“There are already a range of existing federal and state laws specifically designed to eliminate discrimination – particularly when it comes to employment. This legislation will create enormous uncertainty about the operation of these laws and will also introduce a considerable compliance burden for all businesses including community sector organisations. SACOSS believes it would be preferable to address any concerns about securing “religious freedoms” using the same framework established in existing discrimination laws.  If not, then one of the best ways we to protect crucial human rights and freedoms would be through the development of a national Bill/Charter of Rights. It is absolutely imperative this proposed Bill is either voted down or properly amended to ensure key issues are addressed so that harmonious and co-operative Australian workplaces are not compromised and that all Australians have their rights enabled.”

– Ross Womersley, CEO of the South Australian Council of Social Service 

“The Religious Discrimination Bill does nothing to improve protections against discrimination on the grounds of religion. In fact, it makes the situation worse for tens of thousands of South Australian workers in religious aged care facilities, hospitals, accommodation providers, educational bodies, and charitable institutions. Not only are those workers expressly excluded from the Bill’s protection, but discrimination against them based on their personal religious belief or activity is specifically permitted and encouraged by the Bill. In addition, all workers in the public sector are completely excluded from protections. The Bill will create a risk of increased confusion, conflict, uncertainty and harm in Australian workplaces and should not be passed in its current form.”

Angas Story, Secretary SA Unions

 

Preventive work for men’s sexual and reproductive health and rights within primary care

In everybody’s interest but no one’s assigned responsibility: midwives’ thoughts and experiences of preventive work for men’s sexual and reproductive health and rights within primary care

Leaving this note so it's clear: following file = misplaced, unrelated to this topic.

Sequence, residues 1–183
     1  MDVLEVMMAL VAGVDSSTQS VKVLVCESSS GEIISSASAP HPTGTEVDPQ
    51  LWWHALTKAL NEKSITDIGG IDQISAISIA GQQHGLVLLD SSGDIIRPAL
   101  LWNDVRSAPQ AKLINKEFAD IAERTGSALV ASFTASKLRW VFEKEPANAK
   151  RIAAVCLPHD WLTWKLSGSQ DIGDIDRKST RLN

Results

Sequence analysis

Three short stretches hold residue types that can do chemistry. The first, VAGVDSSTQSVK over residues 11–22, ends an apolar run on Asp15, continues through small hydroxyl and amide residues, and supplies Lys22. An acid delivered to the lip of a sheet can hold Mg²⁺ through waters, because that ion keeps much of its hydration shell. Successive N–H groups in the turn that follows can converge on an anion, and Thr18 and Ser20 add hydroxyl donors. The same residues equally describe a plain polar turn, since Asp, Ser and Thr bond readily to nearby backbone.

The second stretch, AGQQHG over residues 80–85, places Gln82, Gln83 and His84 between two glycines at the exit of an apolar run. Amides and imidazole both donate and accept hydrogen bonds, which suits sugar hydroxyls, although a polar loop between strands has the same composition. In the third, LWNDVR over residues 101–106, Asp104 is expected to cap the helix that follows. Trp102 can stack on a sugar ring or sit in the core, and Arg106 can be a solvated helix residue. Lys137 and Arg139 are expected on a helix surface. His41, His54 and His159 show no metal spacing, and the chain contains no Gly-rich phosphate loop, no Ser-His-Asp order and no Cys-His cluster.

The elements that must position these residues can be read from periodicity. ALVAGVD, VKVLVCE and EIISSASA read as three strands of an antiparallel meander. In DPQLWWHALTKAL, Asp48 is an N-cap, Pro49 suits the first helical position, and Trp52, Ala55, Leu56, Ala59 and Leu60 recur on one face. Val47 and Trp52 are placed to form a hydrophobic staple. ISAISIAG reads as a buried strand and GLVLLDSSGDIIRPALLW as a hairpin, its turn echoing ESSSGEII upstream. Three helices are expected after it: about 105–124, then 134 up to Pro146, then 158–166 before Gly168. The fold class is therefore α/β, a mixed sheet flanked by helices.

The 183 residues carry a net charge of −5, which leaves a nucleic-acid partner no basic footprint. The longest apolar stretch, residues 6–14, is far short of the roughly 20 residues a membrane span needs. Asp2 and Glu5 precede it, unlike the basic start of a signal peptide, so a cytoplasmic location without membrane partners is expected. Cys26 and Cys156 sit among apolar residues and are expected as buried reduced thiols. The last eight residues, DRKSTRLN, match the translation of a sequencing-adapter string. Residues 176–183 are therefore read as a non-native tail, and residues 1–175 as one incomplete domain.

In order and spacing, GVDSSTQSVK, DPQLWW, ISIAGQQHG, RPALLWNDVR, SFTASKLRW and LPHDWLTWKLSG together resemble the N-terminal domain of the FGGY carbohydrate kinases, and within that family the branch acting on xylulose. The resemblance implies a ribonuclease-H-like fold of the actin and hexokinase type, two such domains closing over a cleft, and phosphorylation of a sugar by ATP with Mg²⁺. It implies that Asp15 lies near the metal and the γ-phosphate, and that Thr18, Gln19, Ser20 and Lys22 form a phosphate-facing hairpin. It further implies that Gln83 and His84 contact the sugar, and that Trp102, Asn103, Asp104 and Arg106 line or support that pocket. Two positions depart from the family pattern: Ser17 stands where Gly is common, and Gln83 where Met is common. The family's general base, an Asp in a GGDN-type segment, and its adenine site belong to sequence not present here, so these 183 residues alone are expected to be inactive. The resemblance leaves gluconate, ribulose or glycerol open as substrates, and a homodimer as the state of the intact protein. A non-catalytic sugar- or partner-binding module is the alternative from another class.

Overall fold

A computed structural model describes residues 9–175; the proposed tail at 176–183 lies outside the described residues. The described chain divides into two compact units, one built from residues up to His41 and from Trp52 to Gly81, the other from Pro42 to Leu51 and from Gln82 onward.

Abstract

Background

Sexual and reproductive health and rights (SRHR) have historically been regarded as a woman’s issue. It is likely that these gender norms also hinder health care providers from perceiving boys and men as health care recipients, especially within the area of SRHR. The aim of this study was to explore midwives’ thoughts and experiences regarding preventive work for men’s sexual and reproductive health and rights in the primary care setting.

Methods

An exploratory qualitative study. Five focus group interviews, including 4–5 participants in each group, were conducted with 22 midwives aged 31–64, who worked with reproductive, perinatal and sexual health within primary care. Data were analysed by latent content analysis.

Results

One overall theme emerged, in everybody’s interest, but no one’s assigned responsibility, and three sub-themes: (i) organisational aspects create obstacles, (ii) mixed views on the midwife’s role and responsibility, and (iii) beliefs about men and women: same, but different.

Conclusions

Midwives believed that preventive work for men’s sexual and reproductive health and rights was in everybody’s interest, but no one’s assigned responsibility. To improve men’s access to sexual and reproductive health care, actions are needed from the state, the health care system and health care providers.

Strategies for inclusion and equality – ‘norm-critical’ sex education in Sweden

Sex Education, 2019,  DOI: 10.1080/14681811.2019.1634042
Abstract:
This article examines the tactical (counter) politics of inclusive and ‘norm-critical’ approaches in Swedish sex education, focusing on the enactment of this critical agenda in sex education practices and how teachers interpret and negotiate the possibilities and pitfalls of this kind of work.
The analysis draws on participant observation in sex education practices and in-service teacher training, as well as interviews with educators.
Three recurrent strategies lie at the centre of the analysis: the sensitive use of language to achieve inclusion; the organisation and incorporation of ‘sensitive’ content to resist stigmatisation; and the use of different modalities to produce a specific knowledge order.
The analysis shows how these strategies are grounded in norm-critical ideals, which become partly inflicted with tensions and discomforts when acted out in practice. The  analysis further shows how an inclusive and norm-critical agenda runs the risk of becoming static, in the sense of providing students with the results of critique rather than engaging them in it.

Is the world becoming more gay-friendly?

via BBC 29/05/2019

When Taiwan became the first place in Asia to legalise same-sex unions, hundreds of gay people marked the occasion by registering to marry.

It marked a significant change on the island, where the majority of people only relatively recently became supportive of same-sex relationships.

In many other places there has also been a shift – often a rapid one – towards more liberal attitudes. But these changes do not always mean full equality.

Let’s make it mandatory to teach respectful relationships in every Australian school

The Conversation, May 28, 2019 5.45am AEST

Media reports of findings from the latest National Community Attitudes towards Violence against Women Survey caused a stir in recent days, with some highlighting the importance of education programs to teach young people about gender-based violence.

Schools play a significant role in educating young people about gender-based violence and helping change the underlying attitudes that lead to it.